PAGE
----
In 2014, the foodservice operations at The University of Chicago Medical Center got a major surprise. Two floors of its Center for Care and Discovery, which opened just one year prior, that had been set aside for surgical space instead would be used for housing patients. There was no way the current kitchen, built to feed 240 patients, could handle an additional 202 beds.
While technically those new patients could have been fed from other kitchens on the UCMC campus, “I think a lot of it was around making sure we were an efficient kitchen,” says MaryPat Severns, Aramark resident director of food services at University of Chicago. With that in mind, the foodservice team and administration at the hospital in Chicago’s Hyde Park neighborhood headed down the path of renovating the existing space.
Shape and size
The 4,000-square-foot kitchen was directly adjacent to a loading dock—and, conveniently, another dock already was being built at a nearby site. Because the UCMC dining team wasn’t sure if the entire footprint of the dock was needed, they ran through a variety of schematics, says Elizabeth Lockwood, project manager. And while the kitchen—which serves the CCD and Comer Children’s Hospital—may not currently need to feed more than 500 patients, there’s no telling what the future may hold.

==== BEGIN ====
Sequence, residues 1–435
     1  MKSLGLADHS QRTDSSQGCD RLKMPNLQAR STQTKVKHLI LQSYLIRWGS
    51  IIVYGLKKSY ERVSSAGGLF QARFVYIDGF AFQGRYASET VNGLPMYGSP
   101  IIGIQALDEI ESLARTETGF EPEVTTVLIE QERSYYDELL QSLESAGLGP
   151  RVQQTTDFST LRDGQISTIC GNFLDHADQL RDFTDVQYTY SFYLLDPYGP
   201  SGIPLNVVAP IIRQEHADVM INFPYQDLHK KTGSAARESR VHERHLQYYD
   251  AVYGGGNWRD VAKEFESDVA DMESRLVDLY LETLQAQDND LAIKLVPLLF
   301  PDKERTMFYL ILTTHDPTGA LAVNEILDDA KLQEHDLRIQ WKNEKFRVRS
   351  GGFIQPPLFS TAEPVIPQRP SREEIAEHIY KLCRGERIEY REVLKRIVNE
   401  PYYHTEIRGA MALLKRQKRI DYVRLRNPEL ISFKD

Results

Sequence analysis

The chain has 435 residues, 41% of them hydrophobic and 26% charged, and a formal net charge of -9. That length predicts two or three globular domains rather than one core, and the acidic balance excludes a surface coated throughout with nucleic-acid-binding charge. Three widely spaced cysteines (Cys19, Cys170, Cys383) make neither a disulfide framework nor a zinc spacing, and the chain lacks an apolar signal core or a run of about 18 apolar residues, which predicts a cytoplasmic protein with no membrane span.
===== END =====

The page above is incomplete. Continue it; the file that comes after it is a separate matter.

“This was our big chance to rightsize the kitchen,” she says of the eventual decision to use the entire dock. Part of the plan included adding a T-shaped dual tray line so staffers could double their meal production capacity, a suggestion that came from hourly workers, says Daryl Wilkerson, the hospital’s vice president of support services. “Their input made the kitchen flow better,” he says.
Because the existing kitchen was only a year old, UCMC didn’t want to just trash perfectly good walk-in freezers and exhaust hoods. The foodservice and construction teams based many of their schematic designs on whether those items could remain in their current location. “What we’re talking about is the true challenge of renovation versus new construction,” says Connie Dickson, principal at Rippe Associates, UCMC’s foodservice consulting firm.
After six months of debating design and scenarios, the 12,000-square-foot project was approved with a $9 million budget.
Timing is everything
The project’s time frame also was a major factor in the budget. “Our first consideration was not just cost, but the speed,” Lockwood says. UCMC could renovate in place while operating at 100% and complete the project in multiple phases, but that scenario meant additional labor costs and using a dish room that was two to three blocks away from the kitchen. The decision was made to construct a temporary kitchen from four modular units in an open parking lot.
“Ultimately, the multiphase scenario was going to take longer and require a lot of workarounds,” Severns says. “The temporary complex certainly had its own set of challenges for operations; however, it did get us into the new kitchen much faster. That was the value we decided was most important.”